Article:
| Timothy McVeigh |
(soldier, security guard)
Timothy James McVeigh|
Lockport, New York, U.S.
2001-06-11 (Age 33)|
USP Terre Haute, Terre Haute, Indiana, U.S.
• Use of a "WMD"|
• Conspiracy to use a "WMD"
• Destruction with the use of explosives
• first-degree murder
|Supposed perpetrator of||Oklahoma City bombing|
Timothy McVeigh was presented as ex-US special forces "domestic terrorist" who together with Terry Nichols carried out the OKC bombing. He was sentenced to death and, officially, was executed in June 2001. The reality may possible be more complex. James Corbett suggests that McVeigh was sheep dipped and never left US special forces.
|A highly recommended video by James Corbett.|
Within 90 minutes of the Oklahoma bombing, "McVeigh was pulled over near the Kansas border and arrested, alone, at the wheel of a glaringly improbable getaway car, an ancient, spluttering rust bucket of a Mercury sedan with no licence plates."
Letter to Jennifer McVeigh
In a letter to Jennifer McVeigh, dated Oct. 20, 1993 wrote that at Fort Bragg, where he and the nine others were told they might be ordered to help the Central Intelligence Agency "fly drugs into the U.S. to fund many covert operations" and to "work hand-in-hand with civilian police agencies" as "government-paid assassins... Do not spread this info, Jennifer, as you could (very honestly, seriously) endanger my life."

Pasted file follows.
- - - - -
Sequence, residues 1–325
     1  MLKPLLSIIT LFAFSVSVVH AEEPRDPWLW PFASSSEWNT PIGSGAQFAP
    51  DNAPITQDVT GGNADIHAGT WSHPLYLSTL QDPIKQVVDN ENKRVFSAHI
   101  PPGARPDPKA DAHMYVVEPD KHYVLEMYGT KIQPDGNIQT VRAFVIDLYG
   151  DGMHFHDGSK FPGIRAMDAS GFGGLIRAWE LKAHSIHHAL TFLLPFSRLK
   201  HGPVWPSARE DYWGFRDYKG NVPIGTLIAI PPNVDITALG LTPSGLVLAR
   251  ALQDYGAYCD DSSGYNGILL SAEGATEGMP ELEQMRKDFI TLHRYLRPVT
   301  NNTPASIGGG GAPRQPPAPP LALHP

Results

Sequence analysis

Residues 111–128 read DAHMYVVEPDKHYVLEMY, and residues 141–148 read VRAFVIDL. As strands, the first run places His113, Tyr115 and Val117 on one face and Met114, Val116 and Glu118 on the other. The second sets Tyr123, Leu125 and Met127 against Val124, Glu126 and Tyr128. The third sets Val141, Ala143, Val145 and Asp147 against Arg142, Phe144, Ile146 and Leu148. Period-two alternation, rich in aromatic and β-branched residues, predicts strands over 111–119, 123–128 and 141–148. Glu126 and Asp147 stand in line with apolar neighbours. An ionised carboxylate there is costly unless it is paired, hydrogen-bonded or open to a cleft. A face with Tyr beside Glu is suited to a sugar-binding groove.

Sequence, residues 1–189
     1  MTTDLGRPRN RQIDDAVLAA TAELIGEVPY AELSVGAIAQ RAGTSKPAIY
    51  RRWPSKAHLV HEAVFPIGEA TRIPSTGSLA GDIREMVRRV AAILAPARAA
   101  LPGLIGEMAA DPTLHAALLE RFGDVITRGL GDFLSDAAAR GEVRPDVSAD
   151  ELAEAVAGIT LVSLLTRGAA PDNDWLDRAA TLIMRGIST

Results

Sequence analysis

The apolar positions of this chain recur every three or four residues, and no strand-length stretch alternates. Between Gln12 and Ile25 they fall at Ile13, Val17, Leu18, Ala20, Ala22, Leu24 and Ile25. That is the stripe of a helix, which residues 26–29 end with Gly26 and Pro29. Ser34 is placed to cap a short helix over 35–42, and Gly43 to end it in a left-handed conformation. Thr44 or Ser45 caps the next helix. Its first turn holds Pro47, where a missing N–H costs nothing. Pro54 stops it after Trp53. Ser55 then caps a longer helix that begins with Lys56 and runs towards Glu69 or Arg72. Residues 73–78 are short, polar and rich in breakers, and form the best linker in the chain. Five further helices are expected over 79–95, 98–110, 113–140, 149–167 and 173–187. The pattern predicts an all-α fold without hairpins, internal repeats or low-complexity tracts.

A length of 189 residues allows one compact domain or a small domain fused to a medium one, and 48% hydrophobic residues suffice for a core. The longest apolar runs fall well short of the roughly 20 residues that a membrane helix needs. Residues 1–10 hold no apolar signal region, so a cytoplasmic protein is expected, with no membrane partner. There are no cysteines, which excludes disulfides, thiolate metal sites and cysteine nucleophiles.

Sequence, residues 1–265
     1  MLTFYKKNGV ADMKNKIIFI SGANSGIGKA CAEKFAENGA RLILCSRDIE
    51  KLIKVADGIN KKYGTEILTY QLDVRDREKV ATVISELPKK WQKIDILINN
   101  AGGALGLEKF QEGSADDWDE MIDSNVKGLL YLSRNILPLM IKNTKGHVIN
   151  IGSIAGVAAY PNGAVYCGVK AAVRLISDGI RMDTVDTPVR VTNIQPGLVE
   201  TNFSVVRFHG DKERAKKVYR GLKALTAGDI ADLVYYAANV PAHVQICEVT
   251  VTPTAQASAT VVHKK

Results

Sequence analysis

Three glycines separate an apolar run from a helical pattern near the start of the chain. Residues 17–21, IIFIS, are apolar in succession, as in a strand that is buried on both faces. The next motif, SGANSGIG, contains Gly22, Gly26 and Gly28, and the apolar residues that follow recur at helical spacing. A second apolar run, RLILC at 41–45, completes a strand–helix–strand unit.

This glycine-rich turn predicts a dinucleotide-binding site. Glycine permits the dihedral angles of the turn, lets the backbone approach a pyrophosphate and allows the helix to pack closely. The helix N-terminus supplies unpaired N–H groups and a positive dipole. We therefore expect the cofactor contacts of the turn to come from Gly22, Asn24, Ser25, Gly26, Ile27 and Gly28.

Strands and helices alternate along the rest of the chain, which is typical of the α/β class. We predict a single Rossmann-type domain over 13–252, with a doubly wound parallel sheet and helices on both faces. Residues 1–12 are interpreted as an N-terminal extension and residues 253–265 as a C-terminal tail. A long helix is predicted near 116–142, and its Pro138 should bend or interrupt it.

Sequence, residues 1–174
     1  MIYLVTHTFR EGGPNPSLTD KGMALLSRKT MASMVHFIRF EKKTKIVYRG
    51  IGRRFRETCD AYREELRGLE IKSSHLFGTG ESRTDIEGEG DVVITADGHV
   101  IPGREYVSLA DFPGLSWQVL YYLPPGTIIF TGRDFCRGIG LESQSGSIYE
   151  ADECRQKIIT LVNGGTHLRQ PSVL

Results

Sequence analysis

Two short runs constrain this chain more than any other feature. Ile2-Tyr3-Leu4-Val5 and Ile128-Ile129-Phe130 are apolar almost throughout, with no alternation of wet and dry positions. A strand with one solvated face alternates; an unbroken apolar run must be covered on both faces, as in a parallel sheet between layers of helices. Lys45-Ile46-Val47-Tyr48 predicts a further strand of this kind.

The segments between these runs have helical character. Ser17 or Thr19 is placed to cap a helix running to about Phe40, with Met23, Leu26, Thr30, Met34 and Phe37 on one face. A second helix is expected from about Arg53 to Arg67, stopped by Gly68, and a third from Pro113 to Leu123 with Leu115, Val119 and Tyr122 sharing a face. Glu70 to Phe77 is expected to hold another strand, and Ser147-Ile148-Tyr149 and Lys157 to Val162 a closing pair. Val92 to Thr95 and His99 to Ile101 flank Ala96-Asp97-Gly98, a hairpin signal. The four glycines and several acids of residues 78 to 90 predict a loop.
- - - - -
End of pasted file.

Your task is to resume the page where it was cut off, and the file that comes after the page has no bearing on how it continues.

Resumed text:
Lack of autopsy
McVeigh, 32, stated that he had "religious, ethical and philosophical objections" to an autopsy. A letter to his hometown paper, The Buffalo News, reads "I was sentenced to death, not to death and disembowelment." The authorities granted him his wish.
"Authorities say that the black hearse seen leaving the Terre Haute federal penitentiary supposedly carrying the body of executed Oklahoma City bomber Timothy McVeigh (see 7:14 a.m. June 11, 2001) was a decoy used as a security measure. McVeigh’s body was actually removed from the penitentiary in a van shortly after the execution. Bureau of Prisons spokesperson Dan Dunne tells a reporter: “Someone could have tried an ambush or something. There are all kinds of possibilities that could have happened.” McVeigh’s body was taken to a local funeral home, where McVeigh was cremated and his ashes given to one of his attorneys, according to the Reverend Ron Ashmore of St. Margaret Mary Church. (Mayhem (.net) 4/2009)"
20 years on, a Guardian article noted that "Perhaps the most striking thing about the Oklahoma City bombing... is not how much we’ve learned over the past 20 years but rather how much we still do not know. Despite the government’s insistence that the case has been solved, we don’t know the exact origin of the plot or how many people carried it out."